Old Contaminants Decline in the Great Lakes While Newer Ones Rise

November 14, 2012

Science

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Lake Michigan dunes with power plant in background. Image: Flickr/Thoth God of Knowledge

The concentrations of legacy contaminants are decreasing quicker than previously reported in three of the Great Lakes, but stayed virtually the same in two other lakes.

The scientists published their findings in the journal Science of the Total Environment. “These are very positive results. The lakes are improving and slowly cleaning themselves up,” states Thomas Holsen, a co-author and from Clarkson University.

Even with these decreases, it will be another 20 to 30 years until the contaminants in the Great Lakes decline enough to the point that fish from them can be consumed. Older contaminants are being replaced by newer ones, which are mainly flame retardants that are building up in the fish and wildlife.

Polychlorinated biphenyls (PCBs), the pesticide DDT and other banned compounds dropped about 50% in fish in Lakes Michigan, Ontario and Huron from 1999 to 2009. There were no significant changes in Lakes Superior and Erie.

The status quo of Superior and Erie, which have had lower levels of contaminants that the other lakes isn’t surprising because Superior is big, deep, and cold, so changes will take longer. Lake Erie’s walleye have a shorter food chain that the trout in other lakes, so the contaminants don’t build up as much.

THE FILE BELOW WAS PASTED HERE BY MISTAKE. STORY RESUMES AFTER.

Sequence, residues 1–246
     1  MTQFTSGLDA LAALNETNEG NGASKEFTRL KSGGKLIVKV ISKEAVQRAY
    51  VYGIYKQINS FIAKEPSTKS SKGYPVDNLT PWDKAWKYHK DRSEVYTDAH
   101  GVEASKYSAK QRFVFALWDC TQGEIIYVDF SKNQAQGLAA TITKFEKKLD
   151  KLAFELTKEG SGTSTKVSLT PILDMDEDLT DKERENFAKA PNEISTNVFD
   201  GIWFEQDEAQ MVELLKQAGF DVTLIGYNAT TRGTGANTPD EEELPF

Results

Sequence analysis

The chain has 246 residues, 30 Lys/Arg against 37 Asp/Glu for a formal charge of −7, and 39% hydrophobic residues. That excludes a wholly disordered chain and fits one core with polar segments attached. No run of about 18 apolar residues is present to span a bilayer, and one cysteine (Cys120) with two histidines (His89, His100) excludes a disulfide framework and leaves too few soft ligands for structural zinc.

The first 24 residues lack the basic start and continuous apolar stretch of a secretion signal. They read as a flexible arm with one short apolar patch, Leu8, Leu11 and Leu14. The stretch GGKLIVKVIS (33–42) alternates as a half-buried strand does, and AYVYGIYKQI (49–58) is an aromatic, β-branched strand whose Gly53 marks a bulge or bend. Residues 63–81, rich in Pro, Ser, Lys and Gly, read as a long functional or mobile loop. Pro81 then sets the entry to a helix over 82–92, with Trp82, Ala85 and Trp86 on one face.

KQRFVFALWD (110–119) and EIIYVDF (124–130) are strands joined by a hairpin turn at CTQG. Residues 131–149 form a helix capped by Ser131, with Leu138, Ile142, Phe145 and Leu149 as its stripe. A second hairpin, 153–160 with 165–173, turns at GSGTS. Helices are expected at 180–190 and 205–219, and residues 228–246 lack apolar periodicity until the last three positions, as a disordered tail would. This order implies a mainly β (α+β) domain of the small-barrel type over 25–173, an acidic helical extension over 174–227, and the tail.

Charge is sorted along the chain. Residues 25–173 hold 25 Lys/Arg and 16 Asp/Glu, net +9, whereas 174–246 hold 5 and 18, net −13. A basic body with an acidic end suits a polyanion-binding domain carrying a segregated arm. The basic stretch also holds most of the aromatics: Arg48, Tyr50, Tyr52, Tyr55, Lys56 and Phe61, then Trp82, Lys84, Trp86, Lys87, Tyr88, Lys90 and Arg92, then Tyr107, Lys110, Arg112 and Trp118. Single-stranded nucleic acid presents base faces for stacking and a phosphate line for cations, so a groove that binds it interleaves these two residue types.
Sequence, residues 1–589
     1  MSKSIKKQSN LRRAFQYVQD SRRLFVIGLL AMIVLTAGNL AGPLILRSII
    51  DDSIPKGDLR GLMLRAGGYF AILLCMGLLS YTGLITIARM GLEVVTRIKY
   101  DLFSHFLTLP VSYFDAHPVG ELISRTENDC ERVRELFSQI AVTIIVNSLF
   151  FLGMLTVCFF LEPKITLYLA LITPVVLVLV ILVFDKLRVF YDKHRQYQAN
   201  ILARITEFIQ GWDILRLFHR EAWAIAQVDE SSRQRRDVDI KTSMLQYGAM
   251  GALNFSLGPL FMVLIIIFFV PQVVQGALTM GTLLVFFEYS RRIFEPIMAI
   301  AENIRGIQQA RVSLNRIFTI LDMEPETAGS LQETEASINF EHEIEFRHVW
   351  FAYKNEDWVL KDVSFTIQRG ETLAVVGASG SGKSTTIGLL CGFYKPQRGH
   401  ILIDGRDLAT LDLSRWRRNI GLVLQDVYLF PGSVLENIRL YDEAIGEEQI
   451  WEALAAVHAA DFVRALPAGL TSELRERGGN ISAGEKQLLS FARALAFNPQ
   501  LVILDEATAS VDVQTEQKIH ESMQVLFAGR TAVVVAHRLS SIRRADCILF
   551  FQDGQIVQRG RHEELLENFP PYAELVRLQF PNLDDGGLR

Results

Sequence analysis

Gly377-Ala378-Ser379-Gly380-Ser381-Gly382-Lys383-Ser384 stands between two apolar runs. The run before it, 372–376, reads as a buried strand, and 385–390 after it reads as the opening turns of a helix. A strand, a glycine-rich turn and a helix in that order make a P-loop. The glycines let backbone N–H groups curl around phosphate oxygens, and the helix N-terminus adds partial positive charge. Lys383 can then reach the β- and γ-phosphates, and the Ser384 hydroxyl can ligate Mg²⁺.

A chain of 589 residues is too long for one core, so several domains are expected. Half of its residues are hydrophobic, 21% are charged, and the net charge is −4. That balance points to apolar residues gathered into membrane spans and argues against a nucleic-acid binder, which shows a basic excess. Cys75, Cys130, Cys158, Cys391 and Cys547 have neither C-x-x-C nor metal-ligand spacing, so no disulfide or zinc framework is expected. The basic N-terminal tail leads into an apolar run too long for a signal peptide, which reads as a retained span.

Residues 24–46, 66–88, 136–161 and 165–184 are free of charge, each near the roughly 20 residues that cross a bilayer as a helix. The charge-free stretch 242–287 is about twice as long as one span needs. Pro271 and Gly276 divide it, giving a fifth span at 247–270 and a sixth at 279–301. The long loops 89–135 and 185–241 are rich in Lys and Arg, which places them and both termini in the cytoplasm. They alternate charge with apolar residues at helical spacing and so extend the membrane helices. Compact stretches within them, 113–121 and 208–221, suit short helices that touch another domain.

PCBs are decreasing at the slowest pace, at about 3 to 8% per year, while DDT declined between 11 to 16% per year. The pesticide mirex, which has been only detected in Lake Ontario, has decreased from 15 to 25% per year.

This is substantially faster than previously estimated. Between 1980 and 2003, PCBs and DDTs decreased 2 to 4%. Between 2000 and 2003, they remained relatively stable.

All of these compounds were phased out in the 1970s after they began building up in the environment. Since they are slow to break down, they continue to persist in the lakes’ sediments and are still accumulating in fish and other wildlife.

Bans have eliminated the manufacture and use of these compounds; they are mostly getting into the lakes through what’s circulating in the air.

Thanks to atmospheric deposition, the chemicals move from the air to the Earth’s surface. Flame retardants that have replaced polybrominated diphenyl ethers (PBDEs) in furniture and other consumer products are showing up more frequently in the region.

The old are just being replaced by something new. The concentrations of new flame retardants like Firemaster 550 are doubling every two years.

[via Scientific American]

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